Tire dealers and other aftermarket service providers may have less to worry about than originally believed when it comes to servicing tire pressure monitoring systems (TPMS), according to speakers on a TPMS panel at the recent Specialty Equipment Market Association (SEMA) Show.
Aftermarket service providers that make tire fitment changes-changing tires or tire/wheel packages, for example-are not subject to the provision in the federal regulations that states no individual ``shall knowingly make inoperative'' a safety device like a TPMS, according to Claude Harris, director of the National Highway Traffic Safety Administration's (NHTSA) Office of Vehicle Safety Compliance.
This provision refers only to service providers handling the vehicle prior to its initial sale-i.e., new car dealers principally, Mr. Harris said.
NHTSA's original intent with the TPMS legislation was to make the TPMS tampering issue apply to all aftermarket changeovers, Mr. Harris said. Makers of the monitoring systems made it clear to NHTSA, however, that designing a system to cover all the possible aftermarket fitments would have escalated the cost of a workable system considerably.
Instead, the final rule mandated the addition of a malfunction indicator light (MIL) on the vehicle's instrument panel alongside the pressure monitor indicator. The malfunction indicator lights up when the system determines there's a fault and needs diagnosis.
Now when someone makes an aftermarket fitment change, he/she is not required by law to make sure the TPMS is functioning properly with the new fitment package, as long as the MIL is working.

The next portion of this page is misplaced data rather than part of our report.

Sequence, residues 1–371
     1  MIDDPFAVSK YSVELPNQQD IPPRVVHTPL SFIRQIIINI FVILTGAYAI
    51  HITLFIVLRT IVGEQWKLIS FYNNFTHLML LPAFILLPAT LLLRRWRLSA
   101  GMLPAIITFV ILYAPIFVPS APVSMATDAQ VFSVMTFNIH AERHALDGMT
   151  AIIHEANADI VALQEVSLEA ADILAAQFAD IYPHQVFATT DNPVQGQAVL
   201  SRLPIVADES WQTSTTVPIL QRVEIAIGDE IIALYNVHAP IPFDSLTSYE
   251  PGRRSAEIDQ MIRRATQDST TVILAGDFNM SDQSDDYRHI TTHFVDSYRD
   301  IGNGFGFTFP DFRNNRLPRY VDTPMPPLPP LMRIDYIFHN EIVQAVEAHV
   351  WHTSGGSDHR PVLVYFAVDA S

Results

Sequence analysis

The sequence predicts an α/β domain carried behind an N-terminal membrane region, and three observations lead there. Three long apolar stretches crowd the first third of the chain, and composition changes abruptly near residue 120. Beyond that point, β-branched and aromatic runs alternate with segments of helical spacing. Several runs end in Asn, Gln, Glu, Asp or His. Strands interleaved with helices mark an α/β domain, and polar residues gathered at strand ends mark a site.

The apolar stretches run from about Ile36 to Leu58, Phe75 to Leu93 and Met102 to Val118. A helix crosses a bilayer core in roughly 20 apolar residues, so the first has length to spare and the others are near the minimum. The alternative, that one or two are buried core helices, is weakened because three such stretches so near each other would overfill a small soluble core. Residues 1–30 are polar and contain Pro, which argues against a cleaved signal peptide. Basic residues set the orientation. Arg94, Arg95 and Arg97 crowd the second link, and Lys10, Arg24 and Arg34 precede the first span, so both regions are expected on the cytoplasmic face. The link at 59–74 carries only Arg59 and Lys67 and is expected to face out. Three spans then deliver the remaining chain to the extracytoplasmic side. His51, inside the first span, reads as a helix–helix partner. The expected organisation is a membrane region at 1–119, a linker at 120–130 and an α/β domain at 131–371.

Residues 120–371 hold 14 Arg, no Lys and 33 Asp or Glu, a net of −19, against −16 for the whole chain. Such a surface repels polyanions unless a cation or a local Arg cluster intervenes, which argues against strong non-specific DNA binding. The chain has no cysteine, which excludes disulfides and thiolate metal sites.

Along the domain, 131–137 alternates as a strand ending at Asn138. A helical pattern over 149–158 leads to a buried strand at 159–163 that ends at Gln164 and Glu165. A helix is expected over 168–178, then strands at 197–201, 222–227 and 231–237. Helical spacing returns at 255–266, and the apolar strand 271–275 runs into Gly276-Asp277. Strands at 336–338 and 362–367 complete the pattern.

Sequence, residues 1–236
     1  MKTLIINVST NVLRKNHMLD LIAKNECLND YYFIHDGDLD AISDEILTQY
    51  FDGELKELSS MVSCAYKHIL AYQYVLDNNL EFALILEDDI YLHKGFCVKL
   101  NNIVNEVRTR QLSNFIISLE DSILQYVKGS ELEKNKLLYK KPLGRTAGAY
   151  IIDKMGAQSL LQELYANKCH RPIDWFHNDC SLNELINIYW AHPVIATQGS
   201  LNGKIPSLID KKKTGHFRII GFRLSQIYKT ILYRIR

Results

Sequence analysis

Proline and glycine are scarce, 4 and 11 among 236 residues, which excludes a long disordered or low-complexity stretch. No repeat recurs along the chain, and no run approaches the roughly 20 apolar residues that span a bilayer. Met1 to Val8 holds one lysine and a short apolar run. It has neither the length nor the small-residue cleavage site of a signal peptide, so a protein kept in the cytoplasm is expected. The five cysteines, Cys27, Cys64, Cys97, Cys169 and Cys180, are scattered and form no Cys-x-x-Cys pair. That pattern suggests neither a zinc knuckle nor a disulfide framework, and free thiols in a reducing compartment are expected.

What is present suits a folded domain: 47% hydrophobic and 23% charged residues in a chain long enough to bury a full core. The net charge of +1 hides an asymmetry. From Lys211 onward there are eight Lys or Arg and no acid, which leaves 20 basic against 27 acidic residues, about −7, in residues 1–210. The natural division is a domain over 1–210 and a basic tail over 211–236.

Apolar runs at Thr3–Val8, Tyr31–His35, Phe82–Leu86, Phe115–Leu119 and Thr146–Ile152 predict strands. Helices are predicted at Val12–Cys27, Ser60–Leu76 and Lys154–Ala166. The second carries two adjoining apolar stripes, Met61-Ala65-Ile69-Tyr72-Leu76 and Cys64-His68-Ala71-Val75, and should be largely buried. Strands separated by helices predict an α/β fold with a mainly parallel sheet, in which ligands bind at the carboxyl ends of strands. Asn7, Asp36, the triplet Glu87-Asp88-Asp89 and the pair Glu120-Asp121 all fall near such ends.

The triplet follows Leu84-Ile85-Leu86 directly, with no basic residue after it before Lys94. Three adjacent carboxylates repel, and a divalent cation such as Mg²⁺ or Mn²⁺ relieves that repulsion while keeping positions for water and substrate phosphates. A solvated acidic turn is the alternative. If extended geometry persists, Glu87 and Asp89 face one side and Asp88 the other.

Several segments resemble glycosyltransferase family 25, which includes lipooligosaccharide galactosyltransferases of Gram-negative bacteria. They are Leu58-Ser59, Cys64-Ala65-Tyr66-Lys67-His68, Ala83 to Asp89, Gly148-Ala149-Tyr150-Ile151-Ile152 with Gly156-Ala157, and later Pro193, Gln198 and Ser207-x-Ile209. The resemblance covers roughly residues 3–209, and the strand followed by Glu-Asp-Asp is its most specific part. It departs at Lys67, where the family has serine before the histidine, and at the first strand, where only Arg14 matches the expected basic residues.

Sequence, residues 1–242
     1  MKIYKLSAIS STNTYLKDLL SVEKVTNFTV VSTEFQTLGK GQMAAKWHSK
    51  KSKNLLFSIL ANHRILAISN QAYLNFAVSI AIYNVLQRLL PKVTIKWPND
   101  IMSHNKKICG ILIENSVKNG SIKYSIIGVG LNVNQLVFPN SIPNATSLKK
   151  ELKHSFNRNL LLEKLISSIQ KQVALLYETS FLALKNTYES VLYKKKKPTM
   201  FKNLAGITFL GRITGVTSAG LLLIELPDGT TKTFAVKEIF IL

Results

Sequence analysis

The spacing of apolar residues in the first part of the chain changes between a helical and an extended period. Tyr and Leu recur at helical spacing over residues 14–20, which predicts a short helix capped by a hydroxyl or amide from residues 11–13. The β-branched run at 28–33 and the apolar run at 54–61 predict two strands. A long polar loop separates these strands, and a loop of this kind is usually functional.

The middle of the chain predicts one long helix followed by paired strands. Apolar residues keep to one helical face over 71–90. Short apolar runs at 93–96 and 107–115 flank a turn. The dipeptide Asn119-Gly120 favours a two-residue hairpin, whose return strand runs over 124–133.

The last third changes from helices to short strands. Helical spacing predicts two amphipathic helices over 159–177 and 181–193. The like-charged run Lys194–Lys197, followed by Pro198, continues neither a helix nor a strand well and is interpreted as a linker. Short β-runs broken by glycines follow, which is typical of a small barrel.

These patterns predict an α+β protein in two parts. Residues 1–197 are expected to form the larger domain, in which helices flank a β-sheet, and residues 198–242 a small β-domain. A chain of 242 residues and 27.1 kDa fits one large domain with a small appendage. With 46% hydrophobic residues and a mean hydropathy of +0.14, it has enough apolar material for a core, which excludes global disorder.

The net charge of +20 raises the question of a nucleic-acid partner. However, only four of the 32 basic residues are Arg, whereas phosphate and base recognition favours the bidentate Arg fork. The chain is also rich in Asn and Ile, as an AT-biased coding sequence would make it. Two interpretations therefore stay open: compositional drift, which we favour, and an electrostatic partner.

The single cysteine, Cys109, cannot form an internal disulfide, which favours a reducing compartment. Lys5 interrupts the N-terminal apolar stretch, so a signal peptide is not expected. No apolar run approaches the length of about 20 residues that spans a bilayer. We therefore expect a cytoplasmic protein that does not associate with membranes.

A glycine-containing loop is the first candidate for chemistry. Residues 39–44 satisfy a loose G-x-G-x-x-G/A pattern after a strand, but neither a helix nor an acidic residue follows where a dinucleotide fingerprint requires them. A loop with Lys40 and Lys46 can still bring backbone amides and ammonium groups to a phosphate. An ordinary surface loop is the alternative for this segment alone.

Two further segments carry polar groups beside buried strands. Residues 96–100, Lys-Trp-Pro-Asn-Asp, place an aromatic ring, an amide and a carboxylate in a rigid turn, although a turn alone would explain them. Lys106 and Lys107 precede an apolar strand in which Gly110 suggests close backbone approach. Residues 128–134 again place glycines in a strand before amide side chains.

Stuart Gosswein, director of government affairs for SEMA, concurred with Mr. Harris' position that aftermarket changes are not covered by the regulation, as long as the aftermarket dealer keeps the MIL active.
Although a dealership is no longer required to ensure the TPMS' functionality, the inability to do so could be a hindrance to doing business with owners of 2005 and later model cars, if the owner has gotten used to and depends on the TPMS, according to Kevin Rohlwing, senior vice president of education and technical services for the Tire Industry Association (TIA).
In addition, Mr. Rohlwing cautioned that Mr. Harris' interpretation of the legal requirements of the new regulation has not been tested in a court of law, and he therefore urged dealers to be cautious about making tire/wheel changes that affect the functionality of the TPMS.
TPMS are mandated on at least half of each car maker's 2006 models and ramps up to 100-percent fitment for the 2008 model year (that is, by September 2007).
At the same time, the panelists noted that new car dealerships that change a vehicle's tire and/or tire/wheel fitment to one that carries a recommended inflation pressure other than that proscribed on the OE fitment must outfit that vehicle with a supplementary tire inflation pressure placard indicating the correct inflation.
Another issue still being debated is the ability to reprogram a TPMS to accommodate new tire pressures after a tire/wheel size change.
SEMA has petitioned NHTSA, seeking assurances that aftermarket service providers have access to information from the original equipment manufacturers on how to reprogram a TPMS, Mr. Gosswein said. NHTSA did not mandate reprogrammability, he said, but instead assumed the units would be.
Mr. Rohlwing also spoke on this issue, saying TIA's concern is that each make of TPMS could have different servicing protocols and tools, making the task of reprogramming systems expensive and time-consuming.
Speaking from the OEM perspective, John Maxgay, a design release engineer for General Motors Corp., said, ``It's in our (GM's) best interest to make sure you (aftermarket dealers) are able to service the systems.'' GM is recommending dealers reprogram a system after each tire rotation and/or sensor replacement, he said.
As for reprogrammability, Mr. Maxgay said, ``We (GM) have to make it difficult enough to stop them being disabled too easily, but also easy enough to make it feasible to reprogram them.''